I’ll continue on the speed riff for a bit longer. It often seems that everyone’s in a hurry to go nowhere fast. Call it hurry up and wait, pedal-to-the-metal syndrome, poor voyage planning, or plain old impatience. Constantly putting the throttles “in the corner” is a common standard operating procedure for many. But why?
If there’s any weather on it beats up the crew, boat and tow unnecessarily, and increases the chances of someone getting hurt. Because running “hooked up” is always faster than the engine’s most efficient cruising speed it wastes enormous quantities of fuel (money) over the life of the vessel and wears out the drivetrain faster with nothing much to show for it. I remember reading years ago in National Fisherman magazine that engineers were changing the way they viewed normal engine wear and the maintenance schedule for diesels: not necessarily by engine hours alone but rather by how many gallons of fuel they had burned through. Yes, there are certainly numerous occasions when one must get the job done quickly and get on to the next one. But this can lead to the formation of a mindset wherein rushing around becomes the norm even when there is no reason for doing so.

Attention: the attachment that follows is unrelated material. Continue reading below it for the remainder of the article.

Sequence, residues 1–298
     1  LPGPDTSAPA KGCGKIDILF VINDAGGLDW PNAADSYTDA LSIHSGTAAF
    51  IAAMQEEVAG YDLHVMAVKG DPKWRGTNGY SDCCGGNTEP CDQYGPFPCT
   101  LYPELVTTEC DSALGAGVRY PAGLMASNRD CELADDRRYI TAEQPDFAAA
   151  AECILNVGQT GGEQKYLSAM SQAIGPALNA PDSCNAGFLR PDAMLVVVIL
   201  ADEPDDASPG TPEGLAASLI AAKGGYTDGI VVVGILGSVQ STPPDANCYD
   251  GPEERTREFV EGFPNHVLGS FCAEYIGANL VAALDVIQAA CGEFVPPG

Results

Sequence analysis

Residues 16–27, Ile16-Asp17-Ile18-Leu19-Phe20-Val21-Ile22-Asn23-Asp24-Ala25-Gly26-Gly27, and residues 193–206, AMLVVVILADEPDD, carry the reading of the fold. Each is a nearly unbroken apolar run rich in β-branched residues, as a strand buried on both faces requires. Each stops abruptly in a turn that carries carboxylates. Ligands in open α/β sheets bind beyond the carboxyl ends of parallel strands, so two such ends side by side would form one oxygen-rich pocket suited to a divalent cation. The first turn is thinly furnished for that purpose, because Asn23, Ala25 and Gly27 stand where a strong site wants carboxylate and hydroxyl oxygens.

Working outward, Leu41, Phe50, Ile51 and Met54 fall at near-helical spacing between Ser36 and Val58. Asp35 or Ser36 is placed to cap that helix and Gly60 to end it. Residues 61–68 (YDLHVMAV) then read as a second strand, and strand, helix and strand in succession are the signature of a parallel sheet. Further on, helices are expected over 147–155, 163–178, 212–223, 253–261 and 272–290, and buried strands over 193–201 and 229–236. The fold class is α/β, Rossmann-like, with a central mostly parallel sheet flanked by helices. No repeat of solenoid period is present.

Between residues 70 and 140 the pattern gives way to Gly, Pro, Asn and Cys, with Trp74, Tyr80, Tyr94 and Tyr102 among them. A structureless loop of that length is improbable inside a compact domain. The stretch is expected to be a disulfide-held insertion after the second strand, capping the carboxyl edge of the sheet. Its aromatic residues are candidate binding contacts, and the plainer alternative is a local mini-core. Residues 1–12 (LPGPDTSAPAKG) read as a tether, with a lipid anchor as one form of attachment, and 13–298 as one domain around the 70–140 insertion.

On the longer voyages better voyage-planning certainly helps maintain peak efficiency. Kennebec Captain’s excellent post on the “old-fashioned” yet highly useful and functional Weems & Plath Nautical Slide Rule (a.k.a. TSD Calculator or Whiz Wheel) deserves your attention.
One of the captains I worked with during my oilfield days on a Gulf of Mexico mud boat, a Birmingham, Al. native, had a great standard retort whenever the company man (drilling supervisor) or dispatcher would start pushing too hard for us to hurry things up. “That oil’s been down there for millions and millions of year’s already”, he would drawl. “Y’all can wait just a little bit longer so we can get this done safely.” Kinda puts in perspective, doesn’t it?